The media can do more to report on the good things happening in the world. The media should take a page from those who have done this well, such as our friends at BuzzFeed and Upworthy.

Avoiding the news won’t help you keep yourself safe, but being aware of what’s going on will help you take control of your own life.

Avoiding the news won’t help you keep yourself safe, but being aware of what’s going on will help you take control of your own life.

The news is everywhere. It’s hard to avoid it. You can’t just unplug from society because there are too many ways that people can find out about current events and they’ll come looking for you if they want to know what’s going on in the world or how things affect them personally.

You need to be aware of what’s going on in order to keep yourself safe and healthy, but also so that you can respond appropriately when something happens around you (or even online). This isn’t about getting angry at someone else; this is about recognizing that sometimes bad things happen because there are bad people who do bad things, not all men are monsters who attack women at random!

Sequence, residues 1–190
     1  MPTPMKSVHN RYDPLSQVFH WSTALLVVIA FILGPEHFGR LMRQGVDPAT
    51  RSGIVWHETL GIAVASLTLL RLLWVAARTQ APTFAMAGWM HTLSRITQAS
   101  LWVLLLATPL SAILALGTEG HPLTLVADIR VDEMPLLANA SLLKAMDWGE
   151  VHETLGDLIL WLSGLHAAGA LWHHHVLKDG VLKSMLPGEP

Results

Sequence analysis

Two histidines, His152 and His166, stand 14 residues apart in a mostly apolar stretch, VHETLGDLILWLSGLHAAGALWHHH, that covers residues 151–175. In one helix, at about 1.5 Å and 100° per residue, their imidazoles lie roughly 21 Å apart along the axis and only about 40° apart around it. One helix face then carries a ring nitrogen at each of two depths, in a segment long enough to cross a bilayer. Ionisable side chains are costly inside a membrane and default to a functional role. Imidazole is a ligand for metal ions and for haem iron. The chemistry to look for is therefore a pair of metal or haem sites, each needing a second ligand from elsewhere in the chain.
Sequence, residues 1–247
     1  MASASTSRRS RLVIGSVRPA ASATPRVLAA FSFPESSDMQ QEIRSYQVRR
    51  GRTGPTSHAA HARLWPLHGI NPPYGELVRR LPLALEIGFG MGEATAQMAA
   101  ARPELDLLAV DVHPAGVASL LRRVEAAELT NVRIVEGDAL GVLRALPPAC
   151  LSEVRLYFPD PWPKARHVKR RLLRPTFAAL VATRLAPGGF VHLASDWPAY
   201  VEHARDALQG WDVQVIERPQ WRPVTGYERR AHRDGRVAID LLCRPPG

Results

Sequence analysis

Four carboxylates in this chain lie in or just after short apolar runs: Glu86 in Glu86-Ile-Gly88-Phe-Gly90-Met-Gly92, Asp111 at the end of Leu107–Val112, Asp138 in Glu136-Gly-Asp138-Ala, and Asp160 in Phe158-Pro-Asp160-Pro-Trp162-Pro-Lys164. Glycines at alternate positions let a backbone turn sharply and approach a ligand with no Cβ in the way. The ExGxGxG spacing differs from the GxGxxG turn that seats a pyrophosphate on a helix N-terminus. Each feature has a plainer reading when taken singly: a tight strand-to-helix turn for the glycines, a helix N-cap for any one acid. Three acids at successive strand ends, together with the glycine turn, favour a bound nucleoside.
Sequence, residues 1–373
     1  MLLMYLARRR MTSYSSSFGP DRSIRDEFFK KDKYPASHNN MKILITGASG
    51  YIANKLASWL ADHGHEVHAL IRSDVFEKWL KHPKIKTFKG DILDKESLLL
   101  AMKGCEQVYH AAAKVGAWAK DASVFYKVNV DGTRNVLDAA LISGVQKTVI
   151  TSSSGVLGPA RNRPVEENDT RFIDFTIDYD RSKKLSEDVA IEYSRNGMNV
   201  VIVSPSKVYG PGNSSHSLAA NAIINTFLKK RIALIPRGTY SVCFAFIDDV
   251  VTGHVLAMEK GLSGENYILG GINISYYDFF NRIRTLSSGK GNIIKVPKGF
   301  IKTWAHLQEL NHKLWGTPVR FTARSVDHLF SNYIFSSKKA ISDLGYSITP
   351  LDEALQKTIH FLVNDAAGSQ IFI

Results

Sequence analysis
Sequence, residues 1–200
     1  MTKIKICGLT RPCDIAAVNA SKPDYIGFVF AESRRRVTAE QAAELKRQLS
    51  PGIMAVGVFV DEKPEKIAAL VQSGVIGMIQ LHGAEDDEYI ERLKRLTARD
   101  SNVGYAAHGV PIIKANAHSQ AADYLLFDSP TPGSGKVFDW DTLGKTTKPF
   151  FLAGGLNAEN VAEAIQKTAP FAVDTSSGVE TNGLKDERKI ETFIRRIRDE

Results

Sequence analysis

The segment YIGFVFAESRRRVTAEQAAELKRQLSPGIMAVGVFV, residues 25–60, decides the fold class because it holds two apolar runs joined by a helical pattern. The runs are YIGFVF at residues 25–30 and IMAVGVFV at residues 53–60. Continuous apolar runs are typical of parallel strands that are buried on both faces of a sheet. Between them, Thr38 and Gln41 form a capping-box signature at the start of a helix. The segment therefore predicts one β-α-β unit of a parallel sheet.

Conclusion

In the end, the best way to deal with the negative media is to keep in mind that you don’t have to let it control your life. While it’s tempting to avoid negative news altogether, this can be dangerous because we need to be aware of what’s going on around us so that we can take control of our own lives and make them better for ourselves and those around us.

The next time you hear something distressing from someone else, ask yourself: “How can I use this information wisely?” Or even just ask yourself “What does this mean for me?” You might find out something surprising about yourself!

About Post Author

D Abel-Smith

Freelance content writer, real-life Londoner. Probably on his Macbook in a south London coffee shop.
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By D Abel-Smith

Freelance content writer, real-life Londoner. Probably on his Macbook in a south London coffee shop.